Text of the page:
NOM spent upwards of $5.7 million on attempts to prevent marriage equality in Maine, Maryland, and Washington; write discrimination in Minnesota’s constitution; and politicize Iowa’s judicial system. Voters in all five states soundly rejected NOM’s discriminatory messaging. The anti-gay organization remains embroiled in several legal battles over revealing the identities of the few mega-donors who fund their work.
More background on NOM, including information on the organization’s leadership and details on its close financial ties to religious institutions such as the Roman Catholic Church, the Knights of Columbus and the Church of Latter Day Saints, is available via HRC’s NOM Exposed project.
According to a new report released by the Human Rights Campaign (HRC), the Roman Catholic Church spent approximately $2 million in an effort to defeat marriage equality initiatives in the four marriage ballot states of Maine, Maryland, Minnesota, and Washington this election cycle. An updated HRC report, available HERE, provides a snapshot of just how much money the Church, along with its close ally the National Organization for Marriage(NOM), poured into campaigns aimed solely at depriving LGBT Americans of dignity and respect.
In Minnesota, the Roman Catholic Church spent upwards of $1.3 million, funding nearly 25 percent of the failed attempts to write discrimination into the state’s constitution. The Church’s funding included hundreds of thousands of dollars from dioceses across the country. The report also highlights the Roman Catholic Church’s donations to states where voters affirmed marriage equality – more than $100,000 in Maine; well over a quarter-million dollars in Maryland; and $307,000 in Washington.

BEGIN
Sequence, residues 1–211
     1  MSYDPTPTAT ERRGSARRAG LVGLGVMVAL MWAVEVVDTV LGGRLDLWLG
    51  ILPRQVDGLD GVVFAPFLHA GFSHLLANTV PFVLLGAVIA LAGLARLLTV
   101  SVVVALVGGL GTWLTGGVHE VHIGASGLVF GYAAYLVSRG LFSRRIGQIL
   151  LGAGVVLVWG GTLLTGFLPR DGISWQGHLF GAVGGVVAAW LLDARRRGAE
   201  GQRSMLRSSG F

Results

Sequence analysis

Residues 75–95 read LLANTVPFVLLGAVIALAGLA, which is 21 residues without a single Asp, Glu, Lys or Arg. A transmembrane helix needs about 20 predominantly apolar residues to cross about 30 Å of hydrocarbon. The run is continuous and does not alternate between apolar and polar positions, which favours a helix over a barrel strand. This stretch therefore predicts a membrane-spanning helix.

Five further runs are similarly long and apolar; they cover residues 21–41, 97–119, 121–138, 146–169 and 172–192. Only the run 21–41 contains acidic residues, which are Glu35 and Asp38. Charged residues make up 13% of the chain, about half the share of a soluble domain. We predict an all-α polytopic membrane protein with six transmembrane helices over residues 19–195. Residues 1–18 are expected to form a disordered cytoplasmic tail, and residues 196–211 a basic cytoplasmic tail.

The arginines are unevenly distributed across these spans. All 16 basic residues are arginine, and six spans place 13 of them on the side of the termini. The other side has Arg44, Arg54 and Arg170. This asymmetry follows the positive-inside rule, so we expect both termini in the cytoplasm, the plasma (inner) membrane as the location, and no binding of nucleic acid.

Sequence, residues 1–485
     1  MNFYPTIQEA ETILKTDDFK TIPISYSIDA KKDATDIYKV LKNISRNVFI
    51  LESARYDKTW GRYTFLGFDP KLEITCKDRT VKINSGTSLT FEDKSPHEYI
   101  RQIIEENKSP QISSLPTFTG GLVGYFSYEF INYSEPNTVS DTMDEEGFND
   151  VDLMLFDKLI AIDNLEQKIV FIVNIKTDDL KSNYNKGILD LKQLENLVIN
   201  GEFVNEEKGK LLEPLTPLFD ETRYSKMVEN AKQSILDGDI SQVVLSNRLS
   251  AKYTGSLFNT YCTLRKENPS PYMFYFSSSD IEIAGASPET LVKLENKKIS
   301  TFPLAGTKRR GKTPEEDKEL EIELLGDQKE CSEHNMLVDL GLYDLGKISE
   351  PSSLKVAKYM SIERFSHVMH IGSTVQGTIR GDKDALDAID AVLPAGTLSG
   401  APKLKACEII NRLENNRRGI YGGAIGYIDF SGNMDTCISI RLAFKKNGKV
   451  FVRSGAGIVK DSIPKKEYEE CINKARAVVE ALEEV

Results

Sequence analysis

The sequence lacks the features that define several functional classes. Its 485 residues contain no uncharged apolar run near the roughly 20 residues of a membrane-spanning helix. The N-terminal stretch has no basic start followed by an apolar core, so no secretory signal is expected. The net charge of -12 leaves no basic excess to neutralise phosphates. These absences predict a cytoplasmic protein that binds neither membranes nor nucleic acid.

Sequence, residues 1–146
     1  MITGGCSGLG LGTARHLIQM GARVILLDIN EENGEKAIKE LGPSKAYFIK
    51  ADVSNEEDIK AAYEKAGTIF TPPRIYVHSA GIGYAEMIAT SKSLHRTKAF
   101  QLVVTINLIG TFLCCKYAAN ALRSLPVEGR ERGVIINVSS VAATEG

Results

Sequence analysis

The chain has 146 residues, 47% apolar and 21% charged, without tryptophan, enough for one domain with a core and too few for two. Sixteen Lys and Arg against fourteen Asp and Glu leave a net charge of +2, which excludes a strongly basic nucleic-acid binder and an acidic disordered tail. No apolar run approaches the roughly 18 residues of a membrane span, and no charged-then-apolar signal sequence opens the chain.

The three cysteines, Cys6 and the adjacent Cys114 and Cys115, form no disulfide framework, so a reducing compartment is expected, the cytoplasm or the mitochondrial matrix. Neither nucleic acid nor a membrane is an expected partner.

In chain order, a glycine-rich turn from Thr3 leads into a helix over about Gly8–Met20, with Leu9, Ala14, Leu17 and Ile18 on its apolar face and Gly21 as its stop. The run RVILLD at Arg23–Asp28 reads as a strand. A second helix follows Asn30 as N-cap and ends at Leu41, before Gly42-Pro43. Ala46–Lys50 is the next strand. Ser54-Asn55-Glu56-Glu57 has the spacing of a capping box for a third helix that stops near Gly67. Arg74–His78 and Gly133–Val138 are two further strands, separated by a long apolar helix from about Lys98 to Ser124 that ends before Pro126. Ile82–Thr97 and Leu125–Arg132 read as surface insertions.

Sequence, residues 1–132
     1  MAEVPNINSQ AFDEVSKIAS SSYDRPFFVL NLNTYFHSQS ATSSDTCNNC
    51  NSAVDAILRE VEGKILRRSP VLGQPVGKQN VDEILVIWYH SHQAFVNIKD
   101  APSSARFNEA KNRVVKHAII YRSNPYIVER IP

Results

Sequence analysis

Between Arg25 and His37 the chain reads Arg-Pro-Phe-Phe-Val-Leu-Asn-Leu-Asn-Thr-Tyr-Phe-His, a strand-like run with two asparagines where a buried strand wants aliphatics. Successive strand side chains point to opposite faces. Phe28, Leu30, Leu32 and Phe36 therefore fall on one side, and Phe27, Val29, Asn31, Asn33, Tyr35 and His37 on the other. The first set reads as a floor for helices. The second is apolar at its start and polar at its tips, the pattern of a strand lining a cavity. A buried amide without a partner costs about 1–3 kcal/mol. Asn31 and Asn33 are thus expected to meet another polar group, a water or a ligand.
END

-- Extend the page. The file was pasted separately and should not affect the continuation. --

Despite voters rejecting the anti-LGBT agenda financed by the Roman Catholic Church and NOM, the U.S. Conference of Catholic Bishops recently re-committed to fighting against equality for LGBT Americans. San Francisco Archbishop Salvatore Cordileone – a leading anti-LGBT voice within the Roman Catholic Church and one of the chief architects of Prop 8 - said the Church must continue funding discrimination because people “don’t understand” marriage.
The report breaks down publicly reported in-kind and cash expenditures from the Roman Catholic hierarchy, the Knights of Columbus, and NOM to the four ballot states. Final campaign figures from Maine and Maryland will be available in the coming weeks.
Brian Brown, president of the National Organization for Marriage (NOM), has issued a statement in response to Tuesday night's election results which saw all four states with ballot initiatives pass marriage equality.
Brown, as expected, does not see the results as an affirmation of marriage equality, but more as an issue with funding, voters in 'blue states' and the media.
From the statement:
"Obviously we are very disappointed in losing four tough election battles by narrow margins. We knew long ago that we faced a difficult political landscape with the four marriage battles occurring in four of the deepest-blue states in America. As our opponents built a huge financial advantage, the odds became even steeper. We ran strong campaigns and nearly prevailed in a very difficult environment, significantly out-performing the GOP ticket in every state.